She did not confirm or deny an item in Downtown Express, The Villager’s sister paper, several months ago saying she planned to forgo a Council salary if she won.

Lee, owner of Sinotique furniture store on Mott St., has been one of the leaders in the fight to end city government placard parking abuse and reopen Park Row, a street the police say they closed for post-9/11 security reasons. His 311 calls and those of his brother’s led to a towing crackdown on Mott St. earlier this year.

Lee has spoken with Gerson and Councilmember John Liu — the city’s most prominent Asian-American politician — about running, and said he’s decided there’s no way he could run a business while he worked in the public sector. Giving up his 15-year-old business at least temporarily is what is making the decision hard, Lee said.

Pre-9/11, Sinotique took in about $300,000 a year. Lee said his current numbers are down from that, but he has invested a lot in a second store in DUMBO and expects his business to grow over the next few years.

Lee has also spoken with aides to Assembly Speaker Sheldon Silver about his candidacy. In addition, Virginia Kee, a longtime neighborhood leader with close ties to Silver and Gerson, is encouraging Lee to run and is lobbying local pols for support.

Kee did not return calls for comment and aides to Silver declined to speak for attribution for this article.

Lee said Silver aides told him it would be a plus to have an Asian representing the First District, and he walked away feeling they would be receptive to his candidacy.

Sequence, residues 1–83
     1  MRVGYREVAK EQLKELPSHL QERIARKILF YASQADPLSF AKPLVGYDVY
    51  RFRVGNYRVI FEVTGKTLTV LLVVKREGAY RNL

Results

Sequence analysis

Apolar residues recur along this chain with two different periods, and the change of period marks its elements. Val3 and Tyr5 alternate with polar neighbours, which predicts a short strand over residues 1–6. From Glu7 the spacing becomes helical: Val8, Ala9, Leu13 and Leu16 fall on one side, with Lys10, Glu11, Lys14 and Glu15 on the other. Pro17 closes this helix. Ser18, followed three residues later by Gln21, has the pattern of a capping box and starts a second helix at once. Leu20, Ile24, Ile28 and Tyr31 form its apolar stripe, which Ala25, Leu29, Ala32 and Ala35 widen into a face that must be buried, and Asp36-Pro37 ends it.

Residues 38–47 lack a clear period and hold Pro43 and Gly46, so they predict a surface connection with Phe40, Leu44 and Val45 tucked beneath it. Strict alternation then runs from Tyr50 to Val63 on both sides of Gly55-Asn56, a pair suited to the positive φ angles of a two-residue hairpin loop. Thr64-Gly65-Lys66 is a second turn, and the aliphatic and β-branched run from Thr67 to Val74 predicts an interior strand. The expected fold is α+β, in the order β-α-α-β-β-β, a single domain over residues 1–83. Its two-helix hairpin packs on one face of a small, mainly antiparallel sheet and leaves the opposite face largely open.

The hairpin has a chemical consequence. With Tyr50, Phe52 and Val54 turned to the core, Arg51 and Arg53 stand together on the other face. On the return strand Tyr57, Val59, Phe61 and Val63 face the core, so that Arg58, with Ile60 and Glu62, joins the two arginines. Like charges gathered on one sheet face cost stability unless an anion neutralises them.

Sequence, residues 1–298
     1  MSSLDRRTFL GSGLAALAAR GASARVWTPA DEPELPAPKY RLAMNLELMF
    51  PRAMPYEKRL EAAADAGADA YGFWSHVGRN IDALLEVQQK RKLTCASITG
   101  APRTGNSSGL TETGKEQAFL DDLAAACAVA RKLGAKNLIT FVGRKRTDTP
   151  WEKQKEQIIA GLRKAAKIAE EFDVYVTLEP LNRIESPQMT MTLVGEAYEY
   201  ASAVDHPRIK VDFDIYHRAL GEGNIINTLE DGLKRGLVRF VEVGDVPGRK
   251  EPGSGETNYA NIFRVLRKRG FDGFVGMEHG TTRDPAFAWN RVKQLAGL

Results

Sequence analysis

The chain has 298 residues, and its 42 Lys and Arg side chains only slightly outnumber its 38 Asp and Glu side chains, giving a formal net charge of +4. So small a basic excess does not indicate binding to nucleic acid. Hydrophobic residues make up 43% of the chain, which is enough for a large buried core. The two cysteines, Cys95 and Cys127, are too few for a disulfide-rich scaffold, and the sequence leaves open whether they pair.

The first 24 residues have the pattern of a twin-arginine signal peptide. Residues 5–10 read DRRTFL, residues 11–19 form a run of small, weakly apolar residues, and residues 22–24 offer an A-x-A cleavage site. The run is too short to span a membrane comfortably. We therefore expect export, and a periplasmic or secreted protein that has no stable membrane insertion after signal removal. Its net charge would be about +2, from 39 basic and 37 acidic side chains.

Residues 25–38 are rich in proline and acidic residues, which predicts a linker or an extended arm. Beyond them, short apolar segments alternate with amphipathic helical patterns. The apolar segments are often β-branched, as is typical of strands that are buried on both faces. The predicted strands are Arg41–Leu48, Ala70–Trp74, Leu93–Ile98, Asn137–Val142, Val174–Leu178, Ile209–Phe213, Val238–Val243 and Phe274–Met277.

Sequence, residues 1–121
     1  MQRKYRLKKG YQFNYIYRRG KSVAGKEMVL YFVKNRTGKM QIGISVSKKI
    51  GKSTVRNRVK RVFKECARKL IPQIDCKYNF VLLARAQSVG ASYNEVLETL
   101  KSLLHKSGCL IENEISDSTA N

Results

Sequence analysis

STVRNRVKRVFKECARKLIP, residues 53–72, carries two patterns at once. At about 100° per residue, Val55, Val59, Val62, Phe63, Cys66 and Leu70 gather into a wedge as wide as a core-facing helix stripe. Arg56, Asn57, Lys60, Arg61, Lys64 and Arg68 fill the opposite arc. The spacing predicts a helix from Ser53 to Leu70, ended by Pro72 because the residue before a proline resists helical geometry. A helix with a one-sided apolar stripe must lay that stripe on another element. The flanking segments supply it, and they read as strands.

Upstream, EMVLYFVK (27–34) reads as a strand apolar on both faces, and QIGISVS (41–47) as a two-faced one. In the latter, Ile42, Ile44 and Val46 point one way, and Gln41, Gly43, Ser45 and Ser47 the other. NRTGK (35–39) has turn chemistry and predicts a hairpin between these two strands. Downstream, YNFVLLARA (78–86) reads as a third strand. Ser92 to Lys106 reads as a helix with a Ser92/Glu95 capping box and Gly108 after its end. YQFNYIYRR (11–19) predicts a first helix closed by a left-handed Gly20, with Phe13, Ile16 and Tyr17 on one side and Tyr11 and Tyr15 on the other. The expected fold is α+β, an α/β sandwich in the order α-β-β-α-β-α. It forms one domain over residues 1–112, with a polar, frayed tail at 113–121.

Amy Chin (no relation to Margaret), another neighborhood leader, has differed with Lee on some issues but said he is “smart, knowledgeable and active” and that she could see supporting him.

“I just hope it’s not like the last time [there was an open seat] and you had three Chinese candidates and they split the vote,” she said, referring to the 2001 Democratic primary when Gerson prevailed against six opponents.

Margaret Chin was one of the candidates who lost that race. She also ran unsuccessfully in 1991 and 1993. Asked why she thinks she’ll be successful a fourth time, she said, “I know more people. I have a strong track record.”

Chin said she will once again focus on affordable housing, which she said is an issue that resonates all over the district. Lee has criticized Chin’s group, AAFE, a nonprofit advocacy organization. But Chin said she is not going to get into a debate with him now, particularly since they were on the same side on important issues like parking and reopening Park Row.

“I’m focusing on what I’m doing,” Chin said.

The other declared candidate in the race is Pete Gleason, 44, a Tribeca attorney who is a former police officer and firefighter.

Gleason, who lost to Gerson in a landslide in the 2003 primary election, has criticized Menin and said the system needs shaking up to rectify the problems with World Trade Center redevelopment.

He is developing a board game entitled “Ground Zero: It’s Only a Game for the Politicians.” He said political leaders from top to bottom are in for criticism.

“No one is immune from the community board to the White House,” Gleason said.

He said New Orleans Mayor Ray Nagin was unfairly chastised when he criticized Lower Manhattan development.

“He said there is still a hole in the ground and he was right but he was admonished for it,” Gleason said.

He and the rest of the field will have plenty of time to thrust and parry and outline their ideas. The Democratic primary will be in September 2009 and the winner will be the odds-on favorite to win the overwhelmingly Democratic district.